This article originally appeared on People.com

TIME Gay Marriage

Gay Lawmaker Threatens to Out Cheating Peers Who Oppose Same-Sex Marriage

Rep. Patricia Todd, of Birmingham, Ala. discusses a bill during a House Ways and Means Committee meeting in Montgomery, Ala. on Jan. 15, 2014.
Butch Dill—AP Rep. Patricia Todd, of Birmingham, Ala. discusses a bill during a House Ways and Means Committee meeting in Montgomery, Ala. on Jan. 15, 2014.

"I will call our elected officials who want to hide in the closet out."

It must be tough to be an openly gay lawmaker in the Bible Belt.

But Alabama state Rep. Patricia Todd, a Democrat, isn’t backing down.

After a federal judge ruled Friday that Alabama’s ban on same-sex marriage is unconstitutional, Todd wrote a Facebook post that might have a few of her peers worried.

“I will not stand by and allow legislators to talk about ‘family values’ when they have affairs, and I know of many who are and have,” Todd wrote. “I will call our elected officials who want to hide in the closet out.”

Todd elaborated on her threat to the Huffington Post: “If certain people come out and start espousing this rhetoric about family values, then I will say, ‘Let’s talk about family values, because here’s what I heard.’ I don’t have direct knowledge, because obviously I’m not the other person involved in the affair.”

“One thing I’m pretty consistent on is I do not like hypocrites,” she added. “If you can explain your position and you hold yourself to the same standard you want to hold me to, then fine. But you cannot go out there and smear my community by condemning us and somehow making us feel less than, and expect me to be quiet.”

On Sunday, U.S. District Court Judge Callie Granade issued a two-week stay on her ruling, giving the 11th U.S. Circuit Court of Appeals until Feb. 9 to decide whether to continue the delay.

Figuring out whether Todd will make good on her threats in the intervening time will certainly make Alabama politics rather interesting.

This article originally appeared on People.com

TIME Government

Government Officials May Be Using Less Mumbo Jumbo

Courtesy of the Center for Plain Language This report card shows how well federal government agencies did in 2014, in terms of speaking plainly when communicating with the public. It was released on Jan. 27, 2015.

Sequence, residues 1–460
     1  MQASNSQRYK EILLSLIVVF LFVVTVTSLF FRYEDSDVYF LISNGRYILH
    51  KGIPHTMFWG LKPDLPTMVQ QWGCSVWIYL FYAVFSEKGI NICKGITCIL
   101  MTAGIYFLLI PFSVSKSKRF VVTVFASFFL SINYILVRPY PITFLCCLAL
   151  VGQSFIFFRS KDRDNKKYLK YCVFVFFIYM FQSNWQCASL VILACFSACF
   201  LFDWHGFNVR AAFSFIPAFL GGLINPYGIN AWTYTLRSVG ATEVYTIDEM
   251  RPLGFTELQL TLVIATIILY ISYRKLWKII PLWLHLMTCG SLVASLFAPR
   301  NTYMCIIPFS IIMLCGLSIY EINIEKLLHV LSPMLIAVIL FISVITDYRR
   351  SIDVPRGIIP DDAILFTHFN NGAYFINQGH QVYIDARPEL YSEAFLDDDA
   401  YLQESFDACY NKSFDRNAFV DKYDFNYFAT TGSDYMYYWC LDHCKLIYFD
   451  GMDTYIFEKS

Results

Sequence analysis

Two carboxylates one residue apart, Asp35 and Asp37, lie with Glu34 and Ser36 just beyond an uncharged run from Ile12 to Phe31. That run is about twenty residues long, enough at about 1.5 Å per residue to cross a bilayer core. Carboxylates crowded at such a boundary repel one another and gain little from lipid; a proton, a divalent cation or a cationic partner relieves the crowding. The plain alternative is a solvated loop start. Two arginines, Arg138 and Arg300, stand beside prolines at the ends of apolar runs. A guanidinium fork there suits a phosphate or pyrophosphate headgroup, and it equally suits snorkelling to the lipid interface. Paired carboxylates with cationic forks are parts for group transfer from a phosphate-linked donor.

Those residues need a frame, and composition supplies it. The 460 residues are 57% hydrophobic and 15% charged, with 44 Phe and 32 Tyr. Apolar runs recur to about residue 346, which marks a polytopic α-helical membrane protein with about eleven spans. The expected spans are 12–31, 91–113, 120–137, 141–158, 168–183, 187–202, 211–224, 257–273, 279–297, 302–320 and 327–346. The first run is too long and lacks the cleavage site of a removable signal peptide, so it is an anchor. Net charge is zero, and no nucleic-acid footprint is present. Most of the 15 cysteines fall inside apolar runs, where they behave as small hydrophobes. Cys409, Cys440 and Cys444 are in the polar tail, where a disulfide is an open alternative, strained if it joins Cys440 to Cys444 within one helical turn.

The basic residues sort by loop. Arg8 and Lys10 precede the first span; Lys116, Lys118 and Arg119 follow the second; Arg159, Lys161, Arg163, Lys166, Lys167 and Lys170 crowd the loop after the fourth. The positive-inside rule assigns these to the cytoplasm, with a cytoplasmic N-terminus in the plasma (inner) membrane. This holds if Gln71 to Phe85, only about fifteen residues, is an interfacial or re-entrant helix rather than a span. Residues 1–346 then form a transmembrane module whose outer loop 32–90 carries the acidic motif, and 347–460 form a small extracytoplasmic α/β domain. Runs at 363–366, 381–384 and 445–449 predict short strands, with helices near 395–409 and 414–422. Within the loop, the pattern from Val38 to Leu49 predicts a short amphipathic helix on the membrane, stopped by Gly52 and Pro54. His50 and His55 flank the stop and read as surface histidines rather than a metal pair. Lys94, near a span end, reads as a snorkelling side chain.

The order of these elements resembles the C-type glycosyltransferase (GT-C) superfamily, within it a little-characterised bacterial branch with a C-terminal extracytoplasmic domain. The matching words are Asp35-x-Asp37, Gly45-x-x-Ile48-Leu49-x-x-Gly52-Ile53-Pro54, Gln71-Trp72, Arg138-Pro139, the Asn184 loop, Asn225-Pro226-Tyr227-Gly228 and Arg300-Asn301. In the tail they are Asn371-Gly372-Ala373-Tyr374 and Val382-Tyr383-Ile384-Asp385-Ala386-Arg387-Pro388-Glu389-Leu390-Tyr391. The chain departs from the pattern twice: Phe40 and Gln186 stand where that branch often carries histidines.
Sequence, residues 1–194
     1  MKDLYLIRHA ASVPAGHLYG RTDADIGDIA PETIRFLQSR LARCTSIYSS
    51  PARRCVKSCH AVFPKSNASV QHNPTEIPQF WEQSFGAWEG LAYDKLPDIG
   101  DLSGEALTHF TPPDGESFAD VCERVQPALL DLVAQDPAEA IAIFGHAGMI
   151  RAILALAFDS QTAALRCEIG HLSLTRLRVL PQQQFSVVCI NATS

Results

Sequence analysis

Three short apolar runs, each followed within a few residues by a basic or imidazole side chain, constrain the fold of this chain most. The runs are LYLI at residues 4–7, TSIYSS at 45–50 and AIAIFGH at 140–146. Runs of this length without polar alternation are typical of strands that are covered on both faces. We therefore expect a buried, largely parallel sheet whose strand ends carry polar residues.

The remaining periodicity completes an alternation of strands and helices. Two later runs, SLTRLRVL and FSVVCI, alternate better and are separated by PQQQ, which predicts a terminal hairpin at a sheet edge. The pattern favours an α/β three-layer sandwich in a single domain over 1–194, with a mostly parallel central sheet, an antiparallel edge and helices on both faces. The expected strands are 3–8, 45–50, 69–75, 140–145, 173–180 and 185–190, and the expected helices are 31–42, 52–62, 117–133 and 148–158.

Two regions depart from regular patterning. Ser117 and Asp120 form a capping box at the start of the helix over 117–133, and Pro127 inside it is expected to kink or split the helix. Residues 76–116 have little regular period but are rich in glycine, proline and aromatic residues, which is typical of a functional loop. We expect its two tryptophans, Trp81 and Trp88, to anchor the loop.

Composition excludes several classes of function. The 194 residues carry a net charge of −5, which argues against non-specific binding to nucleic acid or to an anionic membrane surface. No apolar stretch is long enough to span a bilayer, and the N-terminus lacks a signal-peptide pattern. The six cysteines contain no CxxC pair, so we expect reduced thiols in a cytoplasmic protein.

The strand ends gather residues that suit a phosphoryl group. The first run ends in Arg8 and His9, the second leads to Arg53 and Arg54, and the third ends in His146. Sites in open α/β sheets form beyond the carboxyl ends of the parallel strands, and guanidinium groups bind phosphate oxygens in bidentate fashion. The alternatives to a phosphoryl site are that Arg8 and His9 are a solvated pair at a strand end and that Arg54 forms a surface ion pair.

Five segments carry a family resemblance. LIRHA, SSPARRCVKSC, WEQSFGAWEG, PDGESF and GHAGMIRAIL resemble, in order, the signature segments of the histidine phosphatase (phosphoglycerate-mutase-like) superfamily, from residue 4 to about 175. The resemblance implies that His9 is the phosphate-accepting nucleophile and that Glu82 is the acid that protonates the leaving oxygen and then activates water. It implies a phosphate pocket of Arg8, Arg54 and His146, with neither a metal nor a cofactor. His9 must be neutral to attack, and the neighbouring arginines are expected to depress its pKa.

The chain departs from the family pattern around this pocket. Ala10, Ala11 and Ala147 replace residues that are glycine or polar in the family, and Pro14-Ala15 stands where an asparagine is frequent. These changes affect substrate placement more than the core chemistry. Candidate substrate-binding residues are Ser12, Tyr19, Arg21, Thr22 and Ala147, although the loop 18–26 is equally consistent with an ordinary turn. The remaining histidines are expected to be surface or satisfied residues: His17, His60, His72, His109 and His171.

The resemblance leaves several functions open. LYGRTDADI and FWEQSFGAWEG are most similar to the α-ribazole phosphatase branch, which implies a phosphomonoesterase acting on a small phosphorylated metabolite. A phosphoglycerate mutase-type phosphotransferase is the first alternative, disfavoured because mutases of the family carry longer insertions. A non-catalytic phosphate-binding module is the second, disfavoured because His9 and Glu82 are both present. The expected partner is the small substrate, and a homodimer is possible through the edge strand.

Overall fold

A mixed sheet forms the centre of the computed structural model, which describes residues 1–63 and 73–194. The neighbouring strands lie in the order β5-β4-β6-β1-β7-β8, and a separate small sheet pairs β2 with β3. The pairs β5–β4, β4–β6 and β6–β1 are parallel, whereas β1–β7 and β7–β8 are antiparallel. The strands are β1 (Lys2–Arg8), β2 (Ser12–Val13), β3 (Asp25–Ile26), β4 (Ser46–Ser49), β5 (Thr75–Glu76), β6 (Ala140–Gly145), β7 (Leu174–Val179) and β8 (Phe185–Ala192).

"They just don’t write that well"

On Tuesday, the non-profit Center for Plain Language released its third annual report card for federal government agencies. Those who are following the spirit and letter of the Plain Writing Act—a 2010 law designed to eliminate bureaucratic gobbledygook—got A’s. Those who failed to abide and didn’t submit documents to be reviewed earned big fat F’s.

The bad news is that government agencies are still using words like weatherization, gasification, grantsmanship and interdependencies. The good news is that, overall, the average grade is going up, with 16 of 22 departments improving over the previous year’s grades.

That means fewer sentences like this, from the Department of Defense:

The Deputy Secretary, the second-highest ranking official in the DoD, is delegated full power and authority to act for the Secretary and to exercise the powers of the Secretary on any and all matters for which the Secretary is authorized to act.

And more sentences like this, from the Social Security Administration:

You need a Social Security number to get a job, collect Social Security benefits and get some other government services.

As well as fewer sentences like this, from the Department of Education (note, this really is just one sentence):

Comparison teachers included those from traditional routes to certification (those who completed all requirements for certification, typically through an undergraduate or graduate program in education, before they began to teach) and teachers from less selective alternative routes to certification (programs that allowed teachers to begin to teach before completing all requirements for certification, but that were not as selective as TFA and the Teaching Fellows programs).